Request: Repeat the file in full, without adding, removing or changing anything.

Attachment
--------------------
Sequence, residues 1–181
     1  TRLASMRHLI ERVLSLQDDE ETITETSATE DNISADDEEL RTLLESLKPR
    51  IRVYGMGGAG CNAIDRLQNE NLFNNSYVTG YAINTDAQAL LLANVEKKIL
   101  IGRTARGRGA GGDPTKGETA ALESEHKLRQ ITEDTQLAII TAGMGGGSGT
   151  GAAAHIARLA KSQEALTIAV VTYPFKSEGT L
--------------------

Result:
Sequence, residues 1–181
     1  TRLASMRHLI ERVLSLQDDE ETITETSATE DNISADDEEL RTLLESLKPR
    51  IRVYGMGGAG CNAIDRLQNE NLFNNSYVTG YAINTDAQAL LLANVEKKIL
   101  IGRTARGRGA GGDPTKGETA ALESEHKLRQ ITEDTQLAII TAGMGGGSGT
   151  GAAAHIARLA KSQEALTIAV VTYPFKSEGT L